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Can Peer Mentors Help Address the Direct Care Workforce Shortage?

By Angelina Del Rio Drake | February 28, 2022

For direct care workers, the first few weeks on the job can be challenging—and the most crucial to their retention.

“No matter how much training you do, those first six to eight weeks are where most of the turnover happens,” PHI Senior Advisor Peggy Powell told me. Powell has designed training, recruitment, and retention programs for direct care workers (who include home care workers, residential care aides, and nursing assistants) for more than three decades.

The long-term care field has traditionally offered low-paying, poorly supported jobs for the difficult labor of assisting older adults and people with disabilities in their homes or other care settings, making workforce retention a longstanding challenge. A recent study by Poon et al. confirms that formal peer mentorship programs, a critical component of PHI’s workforce interventions, help both new and incumbent workers navigate the significant learning curve, emotional demands, and marginalization faced in care work.

The study’s findings are timely: the COVID-19 pandemic has left direct care roles even harder to fill over the last two years, with shortages of home care workers and nursing assistants continuing to affect long-term care consumers across the U.S.

INVISIBILITY AND ISOLATION ON THE JOB

Numerous factors influence high turnover rates in direct care, including poverty-level wages, limited access to benefits and workplace protections, and insufficient training. Yet over 10 years of interviewing this workforce, I’ve noticed that the intangible challenges of feeling unseen, disrespected, and misunderstood in this profession are what workers raise more than any other.

“People might think, ‘Gosh, Zulma works in a house. She has it easy.’ No, I don’t have it easy,” said Zulma Torres, a Home Health Aide of 25 years who was interviewed for PHI’s Direct Care Worker Story Project by Manager of Strategic Initiatives Arielle Altman. “We are at the bottom. And sometimes we’re not recognized even though we’re doing a job that’s so important.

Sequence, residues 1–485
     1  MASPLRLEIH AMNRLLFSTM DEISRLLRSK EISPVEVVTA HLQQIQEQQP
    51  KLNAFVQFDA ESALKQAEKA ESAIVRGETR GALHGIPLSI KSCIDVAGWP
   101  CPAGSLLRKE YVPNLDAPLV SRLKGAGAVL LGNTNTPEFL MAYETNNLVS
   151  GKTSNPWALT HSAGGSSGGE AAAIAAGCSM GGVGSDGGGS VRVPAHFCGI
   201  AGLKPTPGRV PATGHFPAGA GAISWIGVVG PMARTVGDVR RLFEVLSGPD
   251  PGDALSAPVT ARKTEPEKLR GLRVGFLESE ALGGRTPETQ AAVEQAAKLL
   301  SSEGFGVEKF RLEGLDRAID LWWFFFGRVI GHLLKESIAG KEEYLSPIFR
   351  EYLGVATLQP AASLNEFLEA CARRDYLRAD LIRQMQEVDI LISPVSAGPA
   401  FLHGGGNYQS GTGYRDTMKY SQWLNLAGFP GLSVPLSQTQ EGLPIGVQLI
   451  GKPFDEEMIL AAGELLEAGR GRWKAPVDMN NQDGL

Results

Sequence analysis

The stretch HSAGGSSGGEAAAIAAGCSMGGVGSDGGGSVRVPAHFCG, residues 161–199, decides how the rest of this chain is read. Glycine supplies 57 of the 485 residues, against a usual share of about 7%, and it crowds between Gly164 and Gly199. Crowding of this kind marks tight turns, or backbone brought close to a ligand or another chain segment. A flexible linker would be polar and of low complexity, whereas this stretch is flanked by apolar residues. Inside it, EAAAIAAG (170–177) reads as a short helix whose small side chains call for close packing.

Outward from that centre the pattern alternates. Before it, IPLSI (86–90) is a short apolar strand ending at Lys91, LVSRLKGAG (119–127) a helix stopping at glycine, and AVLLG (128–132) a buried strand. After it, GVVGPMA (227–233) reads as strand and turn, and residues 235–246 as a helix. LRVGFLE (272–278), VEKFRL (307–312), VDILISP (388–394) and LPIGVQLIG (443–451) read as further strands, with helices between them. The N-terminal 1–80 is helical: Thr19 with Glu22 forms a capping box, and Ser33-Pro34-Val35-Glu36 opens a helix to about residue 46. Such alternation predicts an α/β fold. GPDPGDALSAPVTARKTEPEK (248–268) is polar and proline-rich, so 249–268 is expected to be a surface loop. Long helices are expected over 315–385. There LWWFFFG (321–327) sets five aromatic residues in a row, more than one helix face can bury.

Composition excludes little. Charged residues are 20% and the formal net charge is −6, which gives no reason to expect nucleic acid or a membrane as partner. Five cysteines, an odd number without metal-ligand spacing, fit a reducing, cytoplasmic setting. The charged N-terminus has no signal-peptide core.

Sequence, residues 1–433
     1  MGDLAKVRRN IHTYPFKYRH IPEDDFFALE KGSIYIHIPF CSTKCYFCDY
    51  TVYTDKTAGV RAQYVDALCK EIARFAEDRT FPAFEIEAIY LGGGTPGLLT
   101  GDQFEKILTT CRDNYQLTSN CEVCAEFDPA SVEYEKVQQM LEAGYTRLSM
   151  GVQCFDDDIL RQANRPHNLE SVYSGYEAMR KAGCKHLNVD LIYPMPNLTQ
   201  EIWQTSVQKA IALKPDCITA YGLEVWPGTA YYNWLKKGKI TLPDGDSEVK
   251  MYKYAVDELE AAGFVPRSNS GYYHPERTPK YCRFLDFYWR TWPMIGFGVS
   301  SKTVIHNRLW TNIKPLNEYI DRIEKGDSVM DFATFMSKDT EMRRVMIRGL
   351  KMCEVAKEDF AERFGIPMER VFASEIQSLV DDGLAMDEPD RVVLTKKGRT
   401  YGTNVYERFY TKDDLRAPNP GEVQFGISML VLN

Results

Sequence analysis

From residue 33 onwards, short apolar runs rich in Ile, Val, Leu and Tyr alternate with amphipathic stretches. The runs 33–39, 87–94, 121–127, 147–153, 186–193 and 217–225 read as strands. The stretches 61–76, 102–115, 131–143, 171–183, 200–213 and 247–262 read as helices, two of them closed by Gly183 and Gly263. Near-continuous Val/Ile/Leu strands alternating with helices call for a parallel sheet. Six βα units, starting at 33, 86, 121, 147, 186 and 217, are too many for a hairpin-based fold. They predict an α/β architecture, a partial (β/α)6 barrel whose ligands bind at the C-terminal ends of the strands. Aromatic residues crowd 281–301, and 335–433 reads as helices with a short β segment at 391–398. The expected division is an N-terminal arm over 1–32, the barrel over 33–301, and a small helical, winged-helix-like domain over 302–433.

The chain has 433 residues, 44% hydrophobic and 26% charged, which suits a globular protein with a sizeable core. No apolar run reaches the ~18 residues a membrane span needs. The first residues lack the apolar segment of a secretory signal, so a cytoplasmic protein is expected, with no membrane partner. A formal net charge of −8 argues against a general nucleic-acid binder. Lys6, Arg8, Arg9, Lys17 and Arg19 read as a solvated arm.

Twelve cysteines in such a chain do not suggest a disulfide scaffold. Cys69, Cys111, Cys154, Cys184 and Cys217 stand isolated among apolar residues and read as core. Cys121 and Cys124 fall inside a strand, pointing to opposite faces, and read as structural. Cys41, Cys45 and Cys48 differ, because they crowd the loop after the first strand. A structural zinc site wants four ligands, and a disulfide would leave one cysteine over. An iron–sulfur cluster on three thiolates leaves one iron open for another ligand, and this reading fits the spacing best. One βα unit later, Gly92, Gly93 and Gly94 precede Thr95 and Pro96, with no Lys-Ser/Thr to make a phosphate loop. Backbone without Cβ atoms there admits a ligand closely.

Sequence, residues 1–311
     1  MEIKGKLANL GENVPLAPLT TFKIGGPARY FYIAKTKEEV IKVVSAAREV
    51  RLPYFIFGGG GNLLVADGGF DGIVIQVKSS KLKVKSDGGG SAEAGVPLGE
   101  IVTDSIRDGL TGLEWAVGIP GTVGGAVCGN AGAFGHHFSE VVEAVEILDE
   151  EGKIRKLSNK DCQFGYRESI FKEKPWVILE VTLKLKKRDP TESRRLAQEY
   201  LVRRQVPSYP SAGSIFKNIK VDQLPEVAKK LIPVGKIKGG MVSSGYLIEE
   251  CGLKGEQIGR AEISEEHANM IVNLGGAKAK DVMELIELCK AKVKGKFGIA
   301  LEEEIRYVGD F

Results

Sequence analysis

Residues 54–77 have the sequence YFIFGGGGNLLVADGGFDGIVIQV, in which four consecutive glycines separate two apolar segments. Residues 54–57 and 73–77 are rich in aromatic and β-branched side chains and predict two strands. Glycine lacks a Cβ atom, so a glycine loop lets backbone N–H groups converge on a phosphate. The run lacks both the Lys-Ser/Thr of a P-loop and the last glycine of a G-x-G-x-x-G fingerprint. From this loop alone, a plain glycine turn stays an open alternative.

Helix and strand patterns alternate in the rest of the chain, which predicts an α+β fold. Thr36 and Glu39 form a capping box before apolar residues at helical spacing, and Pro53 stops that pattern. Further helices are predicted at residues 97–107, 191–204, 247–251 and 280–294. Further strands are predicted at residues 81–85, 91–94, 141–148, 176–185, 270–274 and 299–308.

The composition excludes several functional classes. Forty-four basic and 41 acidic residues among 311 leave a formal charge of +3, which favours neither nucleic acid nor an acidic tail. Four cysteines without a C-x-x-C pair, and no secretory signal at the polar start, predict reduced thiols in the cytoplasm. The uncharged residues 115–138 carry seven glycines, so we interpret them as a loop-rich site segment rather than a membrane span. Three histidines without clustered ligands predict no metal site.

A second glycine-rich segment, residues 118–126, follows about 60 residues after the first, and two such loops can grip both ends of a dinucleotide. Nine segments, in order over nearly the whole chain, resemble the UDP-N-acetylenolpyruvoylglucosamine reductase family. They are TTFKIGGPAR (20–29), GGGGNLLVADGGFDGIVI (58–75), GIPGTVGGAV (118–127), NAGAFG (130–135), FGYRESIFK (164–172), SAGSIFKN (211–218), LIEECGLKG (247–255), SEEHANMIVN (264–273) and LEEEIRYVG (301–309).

Feelings of being undervalued and invisible on the job compound the significant emotional demands of direct care work and can negatively impact workers’ wellbeing, especially in home care settings where workers are isolated from other colleagues. Qualitative studies indicate that this marginalization worsened during the pandemic, when home care workers felt left out of the social recognition afforded to “essential” workers and disconnected from the health care system, despite the fact that they continued to care for people highly vulnerable to COVID-19.

“Even if somebody [in health care] knows of us, they don’t acknowledge what we do,” said Torres. “It’s physical work. And personal: you have to hear the client, like a therapist, and talk to family members. We’re also taking part in health care: we keep clients home and help them avoid going back to the hospital. I have so many emotions when it comes to this. I wish that somebody would acknowledge what we know—that we do know something.”

THE IMPACT OF PEER SUPPORT

Raising wages and benefits for direct care workers is critical to improving their recognition and retention. But interventions that enhance social recognition are also needed, in part because decades of discrimination and stigma have shaped the incorrect notion that direct care work is unskilled or low-skilled. Poon et al.’s research shows that peer mentor programs help home care workers frame what they do as skilled work to contrast this misperception: in their study, peers underscored to one another the level of knowledge and skill needed in their jobs, in particular emphasizing their contributions to client health and COVID-19 safety.